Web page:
New Long Range Wi-Fi Standard Extends Network Range Out to 100km; 22Mbps

Posted on Jul 28, 2011 in - Geeks, Gadgets, & Gizmos – Kevin Hayden

Source: TechEYE via

New standards for long range wireless networks have been published today by the IEEE.  The 802.22 standard for Wireless Regional Area Networks (WRANs) means that broadband access can be provided over long distances, up to 100 kilometres.

This will mean that rural areas could more easily benefit from broadband access, with developing countries targeted by the IEEE.  The engineers at the IEEE have very cleverly managed to use the VHF and UHF bandwidths usually used for TV, accessing the “white-spaces between TV channels” at the 54 MHz to 862 MHz spectru,.

This is possible by using cognitive radio capabilities. These include dynamic spectrum access, incumbent database access, accurate geolocation techniques, spectrum sensing, regulatory domain dependent policies, spectrum etiquette, and “coexistence for optimal use of the available spectrum”.

Essentially this means that it will be possible to send wireless broadband access without interfering with TV signals, achieving delivery of up to 22 Mbps per channel. According to Andrew Ferguson at such wireless networks could potentially be for connecting areas that are without access. “Wireless would certainly be easier than fibre connections to areas where ground would actually be dug up to provide a connection,” he told TechEye.

“But whether the speeds would be high enough is unclear, with many looking above the 25 Mbps mark.”  Virgin Media told us that while it was looking to support access in rural communities, it places more emphasis on the higher speeds of cable broadband, with the IEE spec not necessarilty high enough for a full range of services.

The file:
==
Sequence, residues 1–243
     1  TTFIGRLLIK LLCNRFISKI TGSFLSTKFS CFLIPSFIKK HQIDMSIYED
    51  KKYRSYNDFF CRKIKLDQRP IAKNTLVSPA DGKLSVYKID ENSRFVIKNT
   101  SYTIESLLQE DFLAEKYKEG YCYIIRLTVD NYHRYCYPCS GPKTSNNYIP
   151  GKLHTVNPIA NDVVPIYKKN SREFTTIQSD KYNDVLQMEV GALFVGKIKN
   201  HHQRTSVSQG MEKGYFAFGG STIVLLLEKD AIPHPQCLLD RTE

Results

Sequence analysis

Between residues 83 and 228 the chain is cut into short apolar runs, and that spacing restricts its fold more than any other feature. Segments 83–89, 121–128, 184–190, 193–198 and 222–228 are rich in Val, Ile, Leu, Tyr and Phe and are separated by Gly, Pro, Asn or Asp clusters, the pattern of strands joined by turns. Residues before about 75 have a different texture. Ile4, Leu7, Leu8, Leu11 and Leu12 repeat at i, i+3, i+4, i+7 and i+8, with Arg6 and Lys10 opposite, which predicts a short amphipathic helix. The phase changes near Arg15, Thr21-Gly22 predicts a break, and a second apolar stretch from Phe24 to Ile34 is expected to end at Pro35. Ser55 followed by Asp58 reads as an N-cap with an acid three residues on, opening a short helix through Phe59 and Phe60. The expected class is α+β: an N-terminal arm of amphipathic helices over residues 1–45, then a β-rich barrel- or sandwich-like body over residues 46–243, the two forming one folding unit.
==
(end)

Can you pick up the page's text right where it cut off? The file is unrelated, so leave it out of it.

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Hayden’s Note:

This is great news for developing countries and those living in rural areas.  Satellite internet is spotty and expensive, at best.  Microwave and radio internet is slow and few municipalities are using it.  Thus, we are stuck with the monopoly of Verizon Wireless, Cox Communications, and its subsidiaries here in the States.  Kevin, owner of, gripes a lot about his New Zealand telecom service and how unreliable, scandelous and crappy they are… so maybe this will change the way we “rural farmers” or outsiders interact with the internet.  At the Elysian Fields Project, I have zero options except for satellite.

As a side note – don’t confuse ‘mbps’ with the commonly referred to “megs per second.”  A mega-BIT is 1/8th of a mega-BYTE.  So, 22mbps is just shy of 3 megabytes per second download speed, which is still decent considering the distances involved!

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